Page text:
If an alleged offender refuses to submit to a chemical test, then the Texas Department of Public Safety (DPS) under Texas Transportation Code § 724.035 will suspend the alleged offender's driver’s license for 180 days or issue an order denying the issuance of a license to the alleged offender for 180 days if the person is a resident without a license. If the alleged offender's driving record shows one or more alcohol-related or drug-related offenses in the preceding 10 years, then the period of suspension or denial is two years. This suspension or denial takes effect on the 40th day after the date on which the person receives notice of suspension or denial or is considered to have received notice of suspension or denial.
The State Office of Administrative Hearings will hold a hearing if it receives a request for a hearing within 15 days of the alleged offender receiving notice of the suspension or denial. Texas Transportation Code § 724.048 states that the determination of the department or administrative law judge is a civil matter independent of criminal charges that does not preclude litigation of the same or similar facts in a criminal prosecution.
Under Texas Transportation Code § 522.081(b)(3), an alleged offender who possesses a commercial driver’s license (CDL) will be disqualified from driving a commercial motor vehicle for one year if he or she refuses to submit to chemical testing after allegedly operating any motor vehicle, including a commercial motor vehicle, while under the influence of drugs or alcohol. Furthermore, Texas Transportation Code § 522.101 states that any person who refuses to submit to an alcohol test will be placed out of service for 24 hours and unable to operate a commercial vehicle.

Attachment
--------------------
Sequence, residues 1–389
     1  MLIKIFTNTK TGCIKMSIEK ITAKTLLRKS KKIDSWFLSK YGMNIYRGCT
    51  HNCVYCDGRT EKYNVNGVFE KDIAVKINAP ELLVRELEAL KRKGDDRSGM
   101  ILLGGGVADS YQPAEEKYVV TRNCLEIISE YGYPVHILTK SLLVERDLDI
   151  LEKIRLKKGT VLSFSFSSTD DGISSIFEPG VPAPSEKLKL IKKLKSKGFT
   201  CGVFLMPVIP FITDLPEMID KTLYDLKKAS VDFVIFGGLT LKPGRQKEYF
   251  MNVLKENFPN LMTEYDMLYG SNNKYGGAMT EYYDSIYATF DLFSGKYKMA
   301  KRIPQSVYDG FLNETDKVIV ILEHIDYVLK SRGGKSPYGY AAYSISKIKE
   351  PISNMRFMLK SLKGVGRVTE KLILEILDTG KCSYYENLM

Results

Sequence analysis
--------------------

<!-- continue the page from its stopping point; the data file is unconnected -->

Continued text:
If you were arrested for DWI in Denton County after refusing to submit to a breath, blood, or urine test, you will want the help of a skilled criminal defense attorney as soon as possible. Richard C. McConathy and Brian A. Bolton have a 91 percent success rate since 2002 on cases announced ready for trial.
Law Offices of Richard C. McConathy helps Lewisville residents as well as surrounding communities like Little Elm, Grapevine, Argyle, Highland Village and Flower Mound. Let our firm provide a complete evaluation of your case during a free consultation by calling 940-222-8004 today.
I can’t say enough great things about the attorneys at this law firm. Within a few months they had my case, which I thought I was going to lose, dismissed and put my life back on track. I would recommend their firm to anyone and everyone who is in need of legal help.Leslie L. Denton County DWI
A few months before I moved out of Texas, I was arrested for DWI. The problem was I was building a new life in another state with greater opportunities. I needed to find an attorney to handle my special situation being an out of state client who also travels out of the country. My case was in Denton County, which I have heard is a very difficult county to deal with. Because of my job I was in need of special accommodations from the court so I would not lose my career. After several months of tough negotiations with the DA, Richard and Brian were able to finalize my case beyond my expectations. I would highly recommend this law firm to anyone who has run into some trouble anywhere they might get a DWI.Stephanie C. Denton County DWI